Towpath Marathon


Race Day
Course Descriptions
Frequently Asked Questions

Marathon, Half Marathon & 10K

The conclusion of the Towpath Trilogy

Date: Sunday, October 11th 2015, 8:00 am.
Location: Cuyahoga Valley National Park

1556 Boston Mills Road, Boston, OH 44264 (get directions)

Register with

Or via mail:

Marathon Mail In Registration 2015

Bib Mail Out Deadline: September 28, 2015 (Marathon Bib Mail Form)
Mail In/Fax Deadline: October 3rd, 2015
Online Deadline: October 8, 2015 at Noon

Marathon Price:

Before Feb 1, 2015: $70
Before September 1: $80
Before October 5: $90
Expo: $100

Half Marathon Price:

Before Feb 1, 2015: $60
Before September 1: $70
Before October 5: $80
Expo: $90

10K Price:

Before Feb 1, 2015: $40
Before September 1: $45
Before October 5: $50
Expo: $55





Canalway Partners hosts the Towpath Marathon, Half Marathon and 10K every fall in the Cuyahoga Valley National Park. Described as “one of the most beautiful race courses in America” by Runner’s World magazine, the Towpath Marathon showcases breathtaking segments of the historic Towpath Trail located between Akron and Cleveland.

The Towpath Marathon is one of few marathons that take place in a national park, and many consider it a unique specialty race due to the setting and time of year in which it is run. All proceeds from the event benefit Canalway Partners, an organization that has been actively developing and participating in a variety of events and projects to preserve, promote and educate the public about the area surrounding one of Northeast Ohio’s most valuable resources – our park system along the Ohio Canal.

The Towpath Marathon was established in 1992 to introduce the Towpath Trail as a new recreational amenity and to promote the establishment of the Ohio & Erie Canalway; in 1993, it was one of ten events that celebrated the completion of the Towpath Trail through the Cuyahoga Valley National Park.

Since its inception, the Towpath Marathon has grown to become one of Northeast Ohio’s premier marathons, attracting an average of 1,200 participants and 3,500 spectators from more than twenty-seven states for a weekend of outdoor festivities and athletic competition.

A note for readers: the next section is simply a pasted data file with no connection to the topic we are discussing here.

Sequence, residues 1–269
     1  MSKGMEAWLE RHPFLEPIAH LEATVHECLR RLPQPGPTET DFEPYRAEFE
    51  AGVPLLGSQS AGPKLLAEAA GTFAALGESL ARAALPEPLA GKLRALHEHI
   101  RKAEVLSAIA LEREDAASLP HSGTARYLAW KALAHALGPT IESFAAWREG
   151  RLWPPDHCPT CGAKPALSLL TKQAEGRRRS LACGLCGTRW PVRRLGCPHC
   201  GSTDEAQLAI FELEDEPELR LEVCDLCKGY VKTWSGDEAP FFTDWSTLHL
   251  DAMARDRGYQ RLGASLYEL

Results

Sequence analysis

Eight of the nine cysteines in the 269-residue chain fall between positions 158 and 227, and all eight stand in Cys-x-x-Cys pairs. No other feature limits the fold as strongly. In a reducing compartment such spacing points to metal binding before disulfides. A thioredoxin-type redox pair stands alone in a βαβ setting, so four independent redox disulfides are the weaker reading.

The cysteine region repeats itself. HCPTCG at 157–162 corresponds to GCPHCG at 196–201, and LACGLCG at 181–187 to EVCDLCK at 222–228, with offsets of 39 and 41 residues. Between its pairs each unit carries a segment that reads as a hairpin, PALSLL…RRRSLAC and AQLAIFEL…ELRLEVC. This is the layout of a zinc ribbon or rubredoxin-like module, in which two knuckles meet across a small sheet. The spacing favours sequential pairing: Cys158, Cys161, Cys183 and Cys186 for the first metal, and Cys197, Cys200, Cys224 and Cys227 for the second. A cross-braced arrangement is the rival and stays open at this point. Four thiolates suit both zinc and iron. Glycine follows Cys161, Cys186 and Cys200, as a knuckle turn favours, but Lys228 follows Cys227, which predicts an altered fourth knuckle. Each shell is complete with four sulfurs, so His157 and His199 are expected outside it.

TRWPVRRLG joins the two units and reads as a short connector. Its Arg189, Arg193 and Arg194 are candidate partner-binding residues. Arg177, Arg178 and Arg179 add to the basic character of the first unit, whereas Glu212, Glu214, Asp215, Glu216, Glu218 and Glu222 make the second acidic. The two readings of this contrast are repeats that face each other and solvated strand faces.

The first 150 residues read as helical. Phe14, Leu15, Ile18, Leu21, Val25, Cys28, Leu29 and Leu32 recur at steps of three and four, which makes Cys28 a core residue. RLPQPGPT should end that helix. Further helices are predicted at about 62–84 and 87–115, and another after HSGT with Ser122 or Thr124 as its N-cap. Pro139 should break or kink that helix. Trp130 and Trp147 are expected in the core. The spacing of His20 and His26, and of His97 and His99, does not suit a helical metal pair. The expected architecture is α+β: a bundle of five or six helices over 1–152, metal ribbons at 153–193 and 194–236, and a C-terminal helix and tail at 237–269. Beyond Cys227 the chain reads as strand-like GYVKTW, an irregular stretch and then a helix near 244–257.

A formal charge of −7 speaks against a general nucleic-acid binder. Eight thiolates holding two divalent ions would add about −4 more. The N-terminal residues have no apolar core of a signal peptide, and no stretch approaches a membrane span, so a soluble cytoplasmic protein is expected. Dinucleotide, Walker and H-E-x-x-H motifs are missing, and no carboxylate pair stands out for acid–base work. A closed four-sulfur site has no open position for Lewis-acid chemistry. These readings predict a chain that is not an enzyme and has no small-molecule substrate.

This was my first full Marathon ever, I just want to say that I will be back. Everyone was so nice and the run its self was beautiful. What a great experience- you should be proud of everyone involved from the volunteers to the police officers, everyone made you feel at ease. Thank you and see you in the spring for the Half.
-Bob P.

I ran my 20th marathon yesterday at Towpath and really enjoyed it. I think it’s the best small marathon I’ve run — and it rivals some much larger marathons for warmth and efficiency. The combination of the organization, the course, the setting and scenery, the band at the end and the ability of family and supporters to cheer runners at a few points along the way all made it very good. FABULOUS aid stations. Numerous, well-stocked, enthusiastic but not stupid volunteers. While the race drew a lot of very experienced marathoners, it was clear that the full and half marathons welcomed newcomers, too, and provided them with adequate instructions and guidance. I really liked going back by the start at 15 miles rather than at the halfway point. That was a spot on the course to look forward to and provided a boost of enthusiasm — and just a mile later, we were under 10 miles to go. So often, the whole second half of a marathon is quiet and lonely, just as the miles get tough. Nice job, and thanks.
-Randy E. Detroit, MI

Several races are justifiably well known for their spectacular scenery… With autumn colors at their peak, this was one of the most beautiful runs I’ve ever done. The entire valley was aflame with bright reds, oranges, golds, and yellows.
– Dan Horvath, in Marathon & Beyond, July/August 2004 Issue